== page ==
Four times in the New Testament the expression “This is a faithful saying" is utilized as an introduction to underscore the trustworthy nature of the ensuing statement. The first time we encounter this is in regard to Christ’s singular purpose in coming to earth. Timothy 1:15 tells us: “This is a faithful saying, and worthy of all acceptation, that Christ Jesus came into the world to save sinners; of whom I am chief”. (Note: Paul was identifying himself with the phrase “of whom I am chief”, but I have no doubt that any and all of us would certainly admit we also fit the bill!). This would seem to be the most important truth that has ever reached the human ear or been entrusted by the human heart of man; that Jesus Christ, son of God, became incarnate, lived a sinless life, suffered, died, was buried, but rose again, and by His grace saves mankind from their sins.
This is the great picture, the wondrous manifestation, of God’s love in composite form. In the fourth chapter of his first letter, John emphatically declares “God is love”, not just once, but twice! For centuries, theologians have wrestled with precisely how this attribute of the divine nature is revealed in our mortal realm. Unfortunately, we often develop misperceptions regarding God’s love, tending to distort it according to our human situation. We often equate our individual well-being, whether it is wealth or a good doctor’s report, as an indication of God’s love. But the true, objective demonstration of God’s love was exhibited through Jesus Christ’s willingness to descend from the throne of deity to the depths of this world’s depravity, from heavens adoration to earth’s abomination, from heavens glory to earth’s gory. God’s love was abundantly revealed not through mere words, but through deliberate and selfless action. As one songwriter put it:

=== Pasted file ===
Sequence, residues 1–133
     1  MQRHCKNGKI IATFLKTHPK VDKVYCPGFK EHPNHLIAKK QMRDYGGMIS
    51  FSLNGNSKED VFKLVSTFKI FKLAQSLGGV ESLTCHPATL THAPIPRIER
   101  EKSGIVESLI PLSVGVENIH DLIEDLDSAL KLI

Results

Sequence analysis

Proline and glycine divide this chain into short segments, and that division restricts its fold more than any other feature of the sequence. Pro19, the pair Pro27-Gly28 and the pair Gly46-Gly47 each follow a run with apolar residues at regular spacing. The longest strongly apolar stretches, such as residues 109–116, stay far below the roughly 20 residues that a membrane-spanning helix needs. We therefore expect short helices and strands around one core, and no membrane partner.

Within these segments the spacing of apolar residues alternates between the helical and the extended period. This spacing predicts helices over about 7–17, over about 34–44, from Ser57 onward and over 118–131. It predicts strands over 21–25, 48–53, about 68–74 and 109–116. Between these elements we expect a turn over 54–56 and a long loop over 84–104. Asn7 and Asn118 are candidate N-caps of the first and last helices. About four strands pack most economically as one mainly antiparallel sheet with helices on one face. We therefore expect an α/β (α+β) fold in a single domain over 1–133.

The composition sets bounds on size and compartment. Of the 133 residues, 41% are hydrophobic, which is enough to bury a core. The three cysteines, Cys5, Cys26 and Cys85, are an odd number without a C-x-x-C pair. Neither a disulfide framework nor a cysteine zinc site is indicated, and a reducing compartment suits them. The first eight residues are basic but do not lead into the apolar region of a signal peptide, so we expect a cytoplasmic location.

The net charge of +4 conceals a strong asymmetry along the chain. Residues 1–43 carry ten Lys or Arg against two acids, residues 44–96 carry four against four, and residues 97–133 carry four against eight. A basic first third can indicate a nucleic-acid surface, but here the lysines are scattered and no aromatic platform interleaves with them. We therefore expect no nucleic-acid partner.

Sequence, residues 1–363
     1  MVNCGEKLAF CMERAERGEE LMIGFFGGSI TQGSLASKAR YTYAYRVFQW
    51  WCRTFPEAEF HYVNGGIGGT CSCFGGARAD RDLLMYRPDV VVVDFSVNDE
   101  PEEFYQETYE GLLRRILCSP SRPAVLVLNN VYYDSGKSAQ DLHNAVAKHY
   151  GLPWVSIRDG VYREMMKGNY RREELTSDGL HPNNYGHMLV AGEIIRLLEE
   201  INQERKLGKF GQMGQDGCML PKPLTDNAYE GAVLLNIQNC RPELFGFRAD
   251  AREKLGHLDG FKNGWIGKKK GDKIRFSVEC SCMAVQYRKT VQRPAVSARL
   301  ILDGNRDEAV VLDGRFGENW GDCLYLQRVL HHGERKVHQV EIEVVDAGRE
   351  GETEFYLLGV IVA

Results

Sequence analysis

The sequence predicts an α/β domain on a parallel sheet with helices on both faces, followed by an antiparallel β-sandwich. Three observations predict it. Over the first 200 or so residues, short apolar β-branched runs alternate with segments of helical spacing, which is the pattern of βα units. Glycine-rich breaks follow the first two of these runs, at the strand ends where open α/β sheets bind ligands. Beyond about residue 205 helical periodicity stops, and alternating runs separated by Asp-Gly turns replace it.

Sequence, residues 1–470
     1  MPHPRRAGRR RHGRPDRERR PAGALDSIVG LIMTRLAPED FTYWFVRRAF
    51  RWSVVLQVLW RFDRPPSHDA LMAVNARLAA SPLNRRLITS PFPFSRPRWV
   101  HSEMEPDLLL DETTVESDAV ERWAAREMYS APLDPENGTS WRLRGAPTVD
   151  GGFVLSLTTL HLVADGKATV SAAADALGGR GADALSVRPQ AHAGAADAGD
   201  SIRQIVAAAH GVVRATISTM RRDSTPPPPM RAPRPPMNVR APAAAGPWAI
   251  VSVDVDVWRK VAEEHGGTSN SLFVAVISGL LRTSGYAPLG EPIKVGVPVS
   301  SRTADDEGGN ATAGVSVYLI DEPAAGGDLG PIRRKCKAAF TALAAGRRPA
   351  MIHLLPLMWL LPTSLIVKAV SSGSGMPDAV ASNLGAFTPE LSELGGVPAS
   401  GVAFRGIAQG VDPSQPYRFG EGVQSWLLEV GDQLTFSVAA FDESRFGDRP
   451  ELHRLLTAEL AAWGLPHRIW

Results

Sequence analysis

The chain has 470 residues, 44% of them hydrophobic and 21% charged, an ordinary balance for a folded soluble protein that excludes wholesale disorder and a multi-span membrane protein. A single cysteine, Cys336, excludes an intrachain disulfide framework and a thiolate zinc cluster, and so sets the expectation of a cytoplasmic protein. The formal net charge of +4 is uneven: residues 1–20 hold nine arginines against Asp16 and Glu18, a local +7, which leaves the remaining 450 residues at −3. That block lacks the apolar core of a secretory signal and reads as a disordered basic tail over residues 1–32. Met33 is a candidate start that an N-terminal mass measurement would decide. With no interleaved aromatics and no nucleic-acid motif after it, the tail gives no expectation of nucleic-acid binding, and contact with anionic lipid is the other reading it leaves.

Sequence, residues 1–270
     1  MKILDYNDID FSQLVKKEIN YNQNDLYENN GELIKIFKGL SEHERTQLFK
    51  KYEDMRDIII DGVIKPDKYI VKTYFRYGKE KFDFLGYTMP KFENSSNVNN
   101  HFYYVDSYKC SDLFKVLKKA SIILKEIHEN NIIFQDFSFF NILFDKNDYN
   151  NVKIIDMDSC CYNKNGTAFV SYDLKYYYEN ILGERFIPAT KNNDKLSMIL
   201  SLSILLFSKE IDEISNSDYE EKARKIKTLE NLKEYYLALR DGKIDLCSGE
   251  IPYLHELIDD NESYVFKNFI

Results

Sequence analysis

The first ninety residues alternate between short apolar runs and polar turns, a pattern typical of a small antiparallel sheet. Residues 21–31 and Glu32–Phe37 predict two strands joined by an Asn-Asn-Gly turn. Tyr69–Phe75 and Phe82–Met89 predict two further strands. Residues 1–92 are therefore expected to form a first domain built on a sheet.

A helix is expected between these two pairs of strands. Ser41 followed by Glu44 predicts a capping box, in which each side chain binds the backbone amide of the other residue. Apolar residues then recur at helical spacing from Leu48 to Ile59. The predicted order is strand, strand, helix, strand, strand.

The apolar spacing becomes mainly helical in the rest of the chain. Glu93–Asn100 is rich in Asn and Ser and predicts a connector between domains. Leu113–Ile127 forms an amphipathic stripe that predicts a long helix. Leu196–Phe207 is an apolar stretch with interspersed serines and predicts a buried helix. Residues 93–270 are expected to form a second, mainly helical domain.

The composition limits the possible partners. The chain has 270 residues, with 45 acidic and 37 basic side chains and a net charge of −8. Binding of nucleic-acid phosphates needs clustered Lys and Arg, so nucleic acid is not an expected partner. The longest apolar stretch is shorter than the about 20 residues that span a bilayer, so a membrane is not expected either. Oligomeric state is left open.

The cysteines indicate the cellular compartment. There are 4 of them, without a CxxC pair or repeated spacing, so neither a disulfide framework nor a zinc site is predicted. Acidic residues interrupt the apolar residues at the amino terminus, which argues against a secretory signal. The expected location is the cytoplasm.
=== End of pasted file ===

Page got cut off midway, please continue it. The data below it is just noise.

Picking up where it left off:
What condescension, bringing us salvation
That in the dead of night
Not one faint hope in sight
God, glorious and tender, laid aside His splendor
Stooping to woe, to win, my soul.
“God is love”, three words packed with theological ramifications. But the economy of God’s love can be distilled down to this basic formula: We are all sinners. We need a savior. Jesus Christ embodied God’s love in action, and became that Savior. It’s that simple.
See ya Sunday!